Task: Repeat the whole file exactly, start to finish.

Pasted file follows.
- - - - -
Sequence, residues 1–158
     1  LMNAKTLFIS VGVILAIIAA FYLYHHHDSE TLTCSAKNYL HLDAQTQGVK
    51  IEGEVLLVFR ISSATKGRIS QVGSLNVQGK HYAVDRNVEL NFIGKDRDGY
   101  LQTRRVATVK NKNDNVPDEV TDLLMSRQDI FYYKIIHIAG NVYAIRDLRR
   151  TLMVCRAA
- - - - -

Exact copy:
Sequence, residues 1–158
     1  LMNAKTLFIS VGVILAIIAA FYLYHHHDSE TLTCSAKNYL HLDAQTQGVK
    51  IEGEVLLVFR ISSATKGRIS QVGSLNVQGK HYAVDRNVEL NFIGKDRDGY
   101  LQTRRVATVK NKNDNVPDEV TDLLMSRQDI FYYKIIHIAG NVYAIRDLRR
   151  TLMVCRAA